BERGARA: Yeah, he did sure stock those shelves with a lot of VHS pornos.

MADEJ: None of them were, like, deeply offensive. They were all pretty funny titles, but we were like, “Well, we’re gonna turn some of these around and probably not have these on display because we don’t want people to think that Ryan and I just sit in a basement all day watching porn together.”

BERGARA: Yeah, together, weirdly, with the projector.

MADEJ: [Laughing] With an old project!

BERGARA: Which is the strangest possible thing you could do. There’s so many elements of that that are disturbing. But yeah, I spent about 10 to 15 minutes turning around each of those VHS tapes or adding some that were not pornos. I do think maybe one or two slipped in.

MADEJ: Yeah, so an eagle-eyed viewer may see something on the shelf somewhere. It’s a game, you know, it’s harmless.

Oh God, there’s no easy segue from that at all.

BERGARA: [Laughing] I can’t believe you said that. We did a good job of hiding it, man. We covered it.

MADEJ: Let’s see how good we did.

BERGARA: Let’s see.

Oh, my gosh. Well, I went to Twitter and asked for some questions from fans and there was a wide range of questions, most of which I would not ask, but there were a lot, unsurprisingly, about aliens, which I thought was funny considering we’ve talked about aliens quite a bit so far in this interview. But specifically Shane, you’ve made your opinions about ghosts very well known. We all know. But what would it take for you to fully believe in aliens, or do you fully believe in aliens?

MADEJ: I’ve also made my opinion known about aliens, but people just don’t seem to get it. I fully believe in aliens, which isn’t to say that I believe in every abduction or UFO sighting story.

BERGARA: In that you believe in none of them.

MADEJ: I don’t really spend a lot of time, like, reading about them. I would have to be presented with them. I know we covered a bunch of them on Unsolved

I don’t remember any of them.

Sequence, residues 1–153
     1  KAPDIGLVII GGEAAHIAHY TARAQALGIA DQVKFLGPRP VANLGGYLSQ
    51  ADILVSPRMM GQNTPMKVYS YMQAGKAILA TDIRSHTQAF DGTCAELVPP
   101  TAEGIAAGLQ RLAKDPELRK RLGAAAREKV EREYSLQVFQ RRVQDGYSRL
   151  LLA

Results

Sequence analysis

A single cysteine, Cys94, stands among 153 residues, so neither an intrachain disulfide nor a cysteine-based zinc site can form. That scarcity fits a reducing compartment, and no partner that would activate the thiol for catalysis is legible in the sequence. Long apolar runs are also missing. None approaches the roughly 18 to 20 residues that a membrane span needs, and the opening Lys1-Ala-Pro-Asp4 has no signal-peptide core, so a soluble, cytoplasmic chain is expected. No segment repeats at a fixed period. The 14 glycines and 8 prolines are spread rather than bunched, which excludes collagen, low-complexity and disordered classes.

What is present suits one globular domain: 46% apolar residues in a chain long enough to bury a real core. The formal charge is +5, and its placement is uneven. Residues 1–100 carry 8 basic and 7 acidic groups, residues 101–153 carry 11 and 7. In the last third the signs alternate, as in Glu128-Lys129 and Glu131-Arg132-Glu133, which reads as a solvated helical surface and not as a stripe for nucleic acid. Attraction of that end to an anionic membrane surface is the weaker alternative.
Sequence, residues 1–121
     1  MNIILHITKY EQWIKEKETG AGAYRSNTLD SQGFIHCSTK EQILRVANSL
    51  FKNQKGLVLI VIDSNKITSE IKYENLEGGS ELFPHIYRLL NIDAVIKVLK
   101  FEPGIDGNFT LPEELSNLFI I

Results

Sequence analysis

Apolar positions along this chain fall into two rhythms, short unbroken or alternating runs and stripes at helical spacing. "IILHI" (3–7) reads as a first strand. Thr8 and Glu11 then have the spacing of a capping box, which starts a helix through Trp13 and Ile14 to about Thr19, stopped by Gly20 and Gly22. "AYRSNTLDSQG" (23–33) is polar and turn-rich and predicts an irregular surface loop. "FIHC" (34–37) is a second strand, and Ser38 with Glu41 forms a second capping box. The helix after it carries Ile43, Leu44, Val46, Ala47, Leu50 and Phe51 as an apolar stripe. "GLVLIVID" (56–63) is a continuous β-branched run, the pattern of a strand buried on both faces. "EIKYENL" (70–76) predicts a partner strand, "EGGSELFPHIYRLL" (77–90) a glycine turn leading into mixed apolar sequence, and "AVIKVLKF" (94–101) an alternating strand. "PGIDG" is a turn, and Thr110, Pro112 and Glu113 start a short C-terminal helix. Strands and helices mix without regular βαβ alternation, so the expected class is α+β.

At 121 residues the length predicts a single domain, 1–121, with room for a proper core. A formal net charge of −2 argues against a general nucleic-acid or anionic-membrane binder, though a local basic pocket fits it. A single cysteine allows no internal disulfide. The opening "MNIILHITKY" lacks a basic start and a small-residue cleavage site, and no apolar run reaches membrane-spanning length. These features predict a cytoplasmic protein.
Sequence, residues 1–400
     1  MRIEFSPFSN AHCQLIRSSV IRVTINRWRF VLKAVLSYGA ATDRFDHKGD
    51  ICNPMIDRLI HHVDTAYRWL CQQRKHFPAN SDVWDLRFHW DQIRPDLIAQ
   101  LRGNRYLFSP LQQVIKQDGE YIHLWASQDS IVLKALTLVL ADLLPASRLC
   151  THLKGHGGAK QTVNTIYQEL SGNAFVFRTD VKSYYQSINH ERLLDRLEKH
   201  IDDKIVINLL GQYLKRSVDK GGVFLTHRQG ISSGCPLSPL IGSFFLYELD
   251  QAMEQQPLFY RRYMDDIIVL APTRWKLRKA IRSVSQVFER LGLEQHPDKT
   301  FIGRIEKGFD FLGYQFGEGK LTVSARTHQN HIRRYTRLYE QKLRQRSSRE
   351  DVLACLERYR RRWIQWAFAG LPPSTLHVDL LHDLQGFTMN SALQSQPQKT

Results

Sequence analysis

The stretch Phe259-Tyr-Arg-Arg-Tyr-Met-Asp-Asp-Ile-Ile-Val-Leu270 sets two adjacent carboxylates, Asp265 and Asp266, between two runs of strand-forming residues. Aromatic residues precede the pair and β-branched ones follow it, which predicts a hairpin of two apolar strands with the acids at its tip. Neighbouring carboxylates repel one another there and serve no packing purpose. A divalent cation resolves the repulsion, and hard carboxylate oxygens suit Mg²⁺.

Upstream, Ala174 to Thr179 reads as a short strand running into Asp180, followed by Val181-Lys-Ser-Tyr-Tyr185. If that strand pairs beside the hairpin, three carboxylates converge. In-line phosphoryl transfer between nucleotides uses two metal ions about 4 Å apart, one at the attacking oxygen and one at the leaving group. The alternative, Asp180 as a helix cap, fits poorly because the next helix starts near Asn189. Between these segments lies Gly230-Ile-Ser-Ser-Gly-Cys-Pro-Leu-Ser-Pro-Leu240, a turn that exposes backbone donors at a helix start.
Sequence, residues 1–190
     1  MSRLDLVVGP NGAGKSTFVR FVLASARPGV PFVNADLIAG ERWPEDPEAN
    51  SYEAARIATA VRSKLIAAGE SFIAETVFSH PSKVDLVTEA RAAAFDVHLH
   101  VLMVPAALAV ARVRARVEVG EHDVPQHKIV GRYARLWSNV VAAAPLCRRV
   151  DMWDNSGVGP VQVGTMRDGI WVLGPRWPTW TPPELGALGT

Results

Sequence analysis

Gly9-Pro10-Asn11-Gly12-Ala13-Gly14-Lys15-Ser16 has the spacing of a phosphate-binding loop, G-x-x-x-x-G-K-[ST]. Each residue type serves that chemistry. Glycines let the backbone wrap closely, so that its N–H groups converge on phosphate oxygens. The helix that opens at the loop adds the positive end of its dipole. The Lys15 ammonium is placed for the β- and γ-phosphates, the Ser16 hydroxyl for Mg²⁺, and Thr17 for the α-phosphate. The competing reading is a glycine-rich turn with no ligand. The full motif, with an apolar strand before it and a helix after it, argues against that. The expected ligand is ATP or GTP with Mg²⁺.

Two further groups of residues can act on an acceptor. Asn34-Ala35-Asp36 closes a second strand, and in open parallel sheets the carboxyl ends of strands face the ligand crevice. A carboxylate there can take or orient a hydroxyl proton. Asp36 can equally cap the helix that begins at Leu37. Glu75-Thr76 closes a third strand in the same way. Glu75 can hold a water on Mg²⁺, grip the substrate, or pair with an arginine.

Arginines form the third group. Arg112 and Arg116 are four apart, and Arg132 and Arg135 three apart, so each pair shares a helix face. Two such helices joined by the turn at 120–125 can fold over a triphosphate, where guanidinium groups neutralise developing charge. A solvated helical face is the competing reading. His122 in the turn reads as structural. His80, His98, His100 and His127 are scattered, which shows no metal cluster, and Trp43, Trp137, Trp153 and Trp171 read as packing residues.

BERGARA: Spoiler alert, you never believed any of them on Unsolved.

MADEJ: Wasn’t there one where they looked like the Minions? Like they were yellow, overalls?

BERGARA: There was one, yeah. I believe that was the first mention of what’s-his-face? The guy who got me into that Firestorm movie, or Firefly

MADEJ: Oh, Fire in the Sky?

BERGARA: Yeah, that guy.

MADEJ: But yeah, I definitely believe in them. I think the odds that there is no intelligent life anywhere in the universe is crazy. [coughs] I’m not crying.

BERGARA: He’s lamenting that there’s no intelligent life.

MADEJ: Yeah, the odds of that, of other life not existing, are too astronomical. That’s nonsense. Of course there are, I just am no fun in the sense that, Ryan likes to say that I’’m no fun because I believe they’re just bacteria. I don’t necessarily, I’m sure there are full organisms out there.

BERGARA: You certainly haven’t given any indication of that. You very much seem to think they’re prosaic little blobs.

MADEJ: I do think they’re probably, I don’t know, they’re probably no fun. They’re probably no fun! Do you think other, like– I don’t even want to know what they’re up to. They’re not making Coca Cola and smoking cigarettes and making rock ‘n roll!

BERGARA: They might be!

MADEJ: No, they’re not doing it!

BERGARA: Here’s the thing, I hate when people are like, “Aliens are just like–” Obviously, they could be way more intelligent than us. They probably are if they figured out intergalactic travel to come to our places. However, I do kind of scoff at the sense that there can’t be stupid versions of that species. Like, you think every one of them is a winner? You don’t think there’s one that was just cruising through Earth, crashed, and it was like, “Ah shit, I gotta get the fuck out of here now.” Like I do think there’s dummies out there. If you had a lineup of every human in on Earth, I gotta tell you, I don’t think all of them are gonna be winners. There’s probably gonna be a couple that will crash their dad’s UFO into Mars, or some shit like that if we were capable of that technology.

Shane Madej and Ryan Bergara in Mystery Files
Image via Watcher

I just have to connect the dots, though, because Shane said he’s no fun. And then he said aliens are probably no fun. So, is Shane an alien?

MADEJ: I mean, I’m fun. I have a puppet show.

BERGARA: Oh, I thought you’re gonna just say, “Is Shane no fun?”

No! Is Shane an alien? [laughs]

MADEJ: No, I’m too human. I’m definitely human.

BERGARA: I don’t like the delivery of that.

I’m just saying aliens would put on a puppet show because they’d be fascinated by the concept of puppets.

BERGARA: That’s true because they’ve been puppeting their whole life, so to speak.

MADEJ: Puppet History is just my way of studying humanity, really.

BERGARA: And it’s also a way of you, like, you know how when like a serial killer will often do something that’s very similar to the things they’re doing just as a way to kind of like let go of the steam?